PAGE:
Chamblee54

Kelly And Doug Gissendaner

Posted in Georgia History, GSU photo archive, Race, The Death Penalty by chamblee54 on February 17, 2015

Kelly Gissendaner

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Kelly Renee Brookshire Gissendaner is supposed to die on February 25. She is accused of planning the murder of her husband, Douglas Morgan Gissendaner. The killing was done by Gregory Bruce Owen. The Attorney General of Georgia issued a press advisory, with a description of the crime.
“The facts of the case, as presented at trial, show that Gissendaner married Douglas Gissendaner in September of 1989. Douglas joined the Army in January 1990, their child was born in March 1990, and Douglas was transferred to Germany in September 1990. Gissendaner and Douglas separated in December 1991, after Douglas had served in Desert Storm and then left the Army. Gissendaner joined the Army in March 1992, and Douglas joined Gissendaner and the children in Virginia in October 1992, but he left six weeks later. Gissendaner and Douglas divorced in March 1993.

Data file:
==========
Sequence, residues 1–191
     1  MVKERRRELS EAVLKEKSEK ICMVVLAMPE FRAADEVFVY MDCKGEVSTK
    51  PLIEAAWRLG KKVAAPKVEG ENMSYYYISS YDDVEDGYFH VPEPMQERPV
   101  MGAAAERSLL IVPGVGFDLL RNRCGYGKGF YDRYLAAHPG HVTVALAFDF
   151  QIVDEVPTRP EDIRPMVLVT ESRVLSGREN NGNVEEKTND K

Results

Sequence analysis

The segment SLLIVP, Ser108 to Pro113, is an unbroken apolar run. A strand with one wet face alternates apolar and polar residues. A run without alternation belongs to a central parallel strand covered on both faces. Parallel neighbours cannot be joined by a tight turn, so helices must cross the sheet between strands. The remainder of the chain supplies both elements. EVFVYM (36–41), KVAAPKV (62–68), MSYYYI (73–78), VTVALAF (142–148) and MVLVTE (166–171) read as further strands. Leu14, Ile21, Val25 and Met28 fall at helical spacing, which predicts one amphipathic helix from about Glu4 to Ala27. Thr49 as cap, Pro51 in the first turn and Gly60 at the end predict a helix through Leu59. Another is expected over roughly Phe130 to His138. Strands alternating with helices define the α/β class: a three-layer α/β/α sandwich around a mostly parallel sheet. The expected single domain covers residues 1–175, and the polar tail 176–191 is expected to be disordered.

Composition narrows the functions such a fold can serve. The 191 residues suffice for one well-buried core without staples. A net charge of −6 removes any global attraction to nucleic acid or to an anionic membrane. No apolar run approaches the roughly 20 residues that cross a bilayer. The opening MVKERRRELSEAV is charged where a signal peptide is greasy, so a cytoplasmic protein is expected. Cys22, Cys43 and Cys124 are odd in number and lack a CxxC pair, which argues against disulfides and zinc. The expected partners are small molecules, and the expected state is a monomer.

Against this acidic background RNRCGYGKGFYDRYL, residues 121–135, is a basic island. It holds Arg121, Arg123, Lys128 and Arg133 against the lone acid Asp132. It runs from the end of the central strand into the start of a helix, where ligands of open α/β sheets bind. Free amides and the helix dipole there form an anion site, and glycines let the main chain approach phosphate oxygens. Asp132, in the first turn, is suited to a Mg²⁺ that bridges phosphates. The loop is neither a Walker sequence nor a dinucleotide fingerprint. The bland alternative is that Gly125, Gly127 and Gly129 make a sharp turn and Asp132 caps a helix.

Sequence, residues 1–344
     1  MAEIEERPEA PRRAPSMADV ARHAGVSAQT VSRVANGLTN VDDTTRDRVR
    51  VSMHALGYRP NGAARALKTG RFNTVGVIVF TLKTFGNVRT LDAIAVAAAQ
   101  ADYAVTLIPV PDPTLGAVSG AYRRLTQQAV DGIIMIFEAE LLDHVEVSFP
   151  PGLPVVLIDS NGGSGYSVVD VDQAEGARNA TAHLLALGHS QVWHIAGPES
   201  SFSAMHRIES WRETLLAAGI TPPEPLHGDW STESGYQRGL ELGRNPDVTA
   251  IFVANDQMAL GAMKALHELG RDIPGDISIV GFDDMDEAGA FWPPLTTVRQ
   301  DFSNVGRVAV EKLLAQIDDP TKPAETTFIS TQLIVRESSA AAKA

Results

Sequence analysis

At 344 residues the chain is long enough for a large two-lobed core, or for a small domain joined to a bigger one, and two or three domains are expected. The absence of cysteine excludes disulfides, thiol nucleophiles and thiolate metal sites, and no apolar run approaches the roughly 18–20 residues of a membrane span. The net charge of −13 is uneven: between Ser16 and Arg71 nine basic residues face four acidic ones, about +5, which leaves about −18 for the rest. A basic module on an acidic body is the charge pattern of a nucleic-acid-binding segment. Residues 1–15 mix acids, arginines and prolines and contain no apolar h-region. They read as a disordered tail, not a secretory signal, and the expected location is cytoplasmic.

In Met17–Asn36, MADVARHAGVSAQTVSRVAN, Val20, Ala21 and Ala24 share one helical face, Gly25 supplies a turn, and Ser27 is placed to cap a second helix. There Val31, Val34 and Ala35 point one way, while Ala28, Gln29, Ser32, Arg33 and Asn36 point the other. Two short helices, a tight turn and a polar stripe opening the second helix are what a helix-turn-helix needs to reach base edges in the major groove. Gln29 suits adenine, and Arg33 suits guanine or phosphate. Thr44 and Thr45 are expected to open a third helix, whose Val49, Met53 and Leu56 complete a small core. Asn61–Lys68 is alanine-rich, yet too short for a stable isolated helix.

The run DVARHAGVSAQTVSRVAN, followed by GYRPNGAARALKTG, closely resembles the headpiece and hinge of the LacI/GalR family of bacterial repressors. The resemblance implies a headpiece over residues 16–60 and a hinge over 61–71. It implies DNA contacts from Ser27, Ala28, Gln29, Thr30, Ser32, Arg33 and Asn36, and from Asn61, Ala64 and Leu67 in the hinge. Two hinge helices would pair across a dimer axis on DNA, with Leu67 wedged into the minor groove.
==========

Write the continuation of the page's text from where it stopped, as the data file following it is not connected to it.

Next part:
Gissendaner and Douglas started seeing each other again in February 1995, remarried in May 1995, and separated in September 1995. Douglas again filed for divorce, but he later dropped the suit, as he and Gissendaner started dating again in May 1996. The couple moved to Auburn, Ga., in December 1996 and purchased a home together.